The benefit is designed to be twofold – the legislation allows for any disparity to be identified by the Commonwealth’s Office of Campaign and Political Finance (OCPF) early on so that candidates can review records more immediately to clear the issue and it allows for more transparency in government.

Common problems encountered with the current non-depository system include missed deposits, data entry errors, balance issues and uncashed checks – issues that would be remedied through a depository system. Where non-depository reports are filed merely two or three times per year, depository reports are filed twice monthly by the candidate’s bank, an independent third party.

Recently, DiZoglio testified before a public hearing of the Joint Committee on Election Laws in favor of the legislation.

“Virtually all candidates, including statewide officers, county officers, Governor’s Council, mayors and councilors in cities over a population of 65,000, participate in this depository reporting system today – except for legislative candidates,” said DiZoglio. “This bill enhances government transparency, assuring the public that the information they review on the OCPF website is accurate, and makes it easier for OCPF to do its job by having the ability to promptly address campaign finance reporting issues. In the event of a problem that needs to be addressed, a notification would come quickly, as opposed to several months down the line.”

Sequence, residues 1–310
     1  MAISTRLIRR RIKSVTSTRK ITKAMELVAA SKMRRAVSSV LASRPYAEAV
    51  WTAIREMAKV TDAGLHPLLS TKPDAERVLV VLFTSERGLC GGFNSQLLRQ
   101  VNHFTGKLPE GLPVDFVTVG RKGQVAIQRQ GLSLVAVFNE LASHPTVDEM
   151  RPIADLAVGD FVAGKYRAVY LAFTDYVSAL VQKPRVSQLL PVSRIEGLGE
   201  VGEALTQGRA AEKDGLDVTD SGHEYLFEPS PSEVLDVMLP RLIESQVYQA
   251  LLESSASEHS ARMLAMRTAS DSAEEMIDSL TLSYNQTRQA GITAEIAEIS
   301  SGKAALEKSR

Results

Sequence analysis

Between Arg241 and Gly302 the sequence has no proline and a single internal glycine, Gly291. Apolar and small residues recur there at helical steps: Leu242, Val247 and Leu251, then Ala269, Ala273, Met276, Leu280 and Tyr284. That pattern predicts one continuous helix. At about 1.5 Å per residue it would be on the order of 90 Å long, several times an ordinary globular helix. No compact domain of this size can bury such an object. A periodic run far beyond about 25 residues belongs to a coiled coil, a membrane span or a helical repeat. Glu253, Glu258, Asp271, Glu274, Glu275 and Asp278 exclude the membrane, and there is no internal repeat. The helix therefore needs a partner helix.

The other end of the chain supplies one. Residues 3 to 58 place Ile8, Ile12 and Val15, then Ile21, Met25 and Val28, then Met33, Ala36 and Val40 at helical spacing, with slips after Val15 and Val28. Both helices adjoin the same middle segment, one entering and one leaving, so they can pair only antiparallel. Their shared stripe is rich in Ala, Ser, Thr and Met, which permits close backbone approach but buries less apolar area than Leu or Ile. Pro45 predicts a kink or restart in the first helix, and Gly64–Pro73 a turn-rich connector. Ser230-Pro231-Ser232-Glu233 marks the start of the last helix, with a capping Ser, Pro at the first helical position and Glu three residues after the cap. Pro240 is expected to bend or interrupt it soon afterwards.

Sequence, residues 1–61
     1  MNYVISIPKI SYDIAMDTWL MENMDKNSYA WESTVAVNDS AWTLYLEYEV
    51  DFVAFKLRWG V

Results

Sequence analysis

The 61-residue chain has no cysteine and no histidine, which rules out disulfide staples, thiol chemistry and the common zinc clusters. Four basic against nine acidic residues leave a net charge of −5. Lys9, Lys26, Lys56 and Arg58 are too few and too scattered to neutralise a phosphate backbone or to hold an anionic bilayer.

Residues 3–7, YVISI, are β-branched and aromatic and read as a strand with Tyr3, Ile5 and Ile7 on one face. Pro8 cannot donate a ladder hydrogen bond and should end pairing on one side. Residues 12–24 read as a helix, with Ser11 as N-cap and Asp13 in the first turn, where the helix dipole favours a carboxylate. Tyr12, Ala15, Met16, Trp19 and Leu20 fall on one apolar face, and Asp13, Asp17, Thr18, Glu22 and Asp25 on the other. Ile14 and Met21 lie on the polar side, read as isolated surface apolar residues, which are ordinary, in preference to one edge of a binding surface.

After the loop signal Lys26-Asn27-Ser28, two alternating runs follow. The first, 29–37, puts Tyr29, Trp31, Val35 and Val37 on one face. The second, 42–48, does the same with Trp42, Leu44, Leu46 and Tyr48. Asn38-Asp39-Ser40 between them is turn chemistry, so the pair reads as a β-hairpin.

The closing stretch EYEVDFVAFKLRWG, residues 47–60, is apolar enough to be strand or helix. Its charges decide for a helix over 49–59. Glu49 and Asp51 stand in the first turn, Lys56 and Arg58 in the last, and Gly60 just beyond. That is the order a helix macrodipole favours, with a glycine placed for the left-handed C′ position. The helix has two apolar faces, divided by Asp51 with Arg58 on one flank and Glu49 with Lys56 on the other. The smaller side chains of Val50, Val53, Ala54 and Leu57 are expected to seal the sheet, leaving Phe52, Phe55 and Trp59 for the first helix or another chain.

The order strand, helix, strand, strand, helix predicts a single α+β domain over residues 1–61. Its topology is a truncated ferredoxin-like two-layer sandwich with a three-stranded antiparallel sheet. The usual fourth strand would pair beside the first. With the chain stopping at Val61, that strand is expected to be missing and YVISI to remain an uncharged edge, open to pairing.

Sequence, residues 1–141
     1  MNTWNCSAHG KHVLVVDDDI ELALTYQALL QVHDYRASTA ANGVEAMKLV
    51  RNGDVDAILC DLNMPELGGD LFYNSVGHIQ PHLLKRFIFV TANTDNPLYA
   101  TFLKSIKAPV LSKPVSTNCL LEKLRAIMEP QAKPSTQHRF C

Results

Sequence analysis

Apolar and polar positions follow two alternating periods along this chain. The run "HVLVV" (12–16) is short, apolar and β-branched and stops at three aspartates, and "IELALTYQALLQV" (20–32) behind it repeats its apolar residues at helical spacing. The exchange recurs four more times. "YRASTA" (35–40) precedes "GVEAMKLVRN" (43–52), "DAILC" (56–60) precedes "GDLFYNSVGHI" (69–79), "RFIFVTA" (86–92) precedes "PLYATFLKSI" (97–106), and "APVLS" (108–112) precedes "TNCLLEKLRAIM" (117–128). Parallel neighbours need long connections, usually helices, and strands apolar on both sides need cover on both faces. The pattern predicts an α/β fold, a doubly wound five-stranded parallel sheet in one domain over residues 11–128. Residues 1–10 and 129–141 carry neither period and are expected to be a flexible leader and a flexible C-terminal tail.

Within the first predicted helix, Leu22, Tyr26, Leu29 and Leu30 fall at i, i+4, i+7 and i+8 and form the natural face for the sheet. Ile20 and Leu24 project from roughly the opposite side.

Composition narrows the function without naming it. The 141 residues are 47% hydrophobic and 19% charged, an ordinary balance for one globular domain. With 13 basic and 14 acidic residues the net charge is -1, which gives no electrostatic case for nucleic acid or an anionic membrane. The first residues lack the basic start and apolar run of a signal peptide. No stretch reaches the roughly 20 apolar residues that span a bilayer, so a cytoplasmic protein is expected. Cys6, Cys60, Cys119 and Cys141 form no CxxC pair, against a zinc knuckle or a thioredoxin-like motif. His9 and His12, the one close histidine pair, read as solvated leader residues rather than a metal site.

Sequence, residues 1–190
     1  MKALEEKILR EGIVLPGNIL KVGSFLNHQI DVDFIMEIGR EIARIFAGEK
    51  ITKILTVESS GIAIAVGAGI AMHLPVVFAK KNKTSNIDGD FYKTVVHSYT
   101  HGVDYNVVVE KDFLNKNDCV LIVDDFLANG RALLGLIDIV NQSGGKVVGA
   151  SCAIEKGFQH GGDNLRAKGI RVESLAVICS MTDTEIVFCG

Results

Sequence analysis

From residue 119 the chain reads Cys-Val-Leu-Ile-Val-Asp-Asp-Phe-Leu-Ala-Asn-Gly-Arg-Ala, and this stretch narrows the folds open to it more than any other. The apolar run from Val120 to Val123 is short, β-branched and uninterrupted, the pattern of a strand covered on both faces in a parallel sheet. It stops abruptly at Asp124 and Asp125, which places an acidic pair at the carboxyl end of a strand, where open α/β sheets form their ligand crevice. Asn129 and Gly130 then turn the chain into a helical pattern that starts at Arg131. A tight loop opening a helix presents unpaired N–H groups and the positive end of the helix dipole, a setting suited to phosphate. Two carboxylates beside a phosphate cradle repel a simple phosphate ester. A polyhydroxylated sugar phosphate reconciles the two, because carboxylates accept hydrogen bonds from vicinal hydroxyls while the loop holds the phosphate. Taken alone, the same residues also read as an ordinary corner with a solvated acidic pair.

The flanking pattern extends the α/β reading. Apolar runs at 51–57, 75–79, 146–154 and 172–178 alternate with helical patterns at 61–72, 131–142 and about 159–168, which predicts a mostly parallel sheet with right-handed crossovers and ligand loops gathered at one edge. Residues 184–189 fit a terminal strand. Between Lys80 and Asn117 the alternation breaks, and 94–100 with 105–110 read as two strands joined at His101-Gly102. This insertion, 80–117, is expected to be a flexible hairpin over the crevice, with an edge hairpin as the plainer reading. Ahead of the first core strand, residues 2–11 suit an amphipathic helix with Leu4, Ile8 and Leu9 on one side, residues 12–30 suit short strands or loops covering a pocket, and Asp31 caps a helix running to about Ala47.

“Expanding the depository system to include more candidates makes good sense,” said Pam Wilmot, executive director of Common Cause Massachusetts. “It will increase the accuracy and completeness of campaign finance information and that is a win for voters and candidates alike.”

“Many legislative candidates have contacted OCPF over the years to self-report that their balances do not reconcile to their actual bank balances, usually due to errors that have snowballed over several years,” said Michael J. Sullivan, director of OCPF, in testimony delivered to the committee. “Some of these issues include errors when entering credit card contributions, bounced checks, not entering all expenditures that clear the account, previously reported expenditures that never clear the account, and not accurately carrying the ending balance from the last report as the beginning balance for the next report. Most of this won’t happen if legislative candidates are in the depository system. If this bill passes, OCPF looks forward to working closely with all House and Senate candidates to transition from the non-depository system to the depository system.”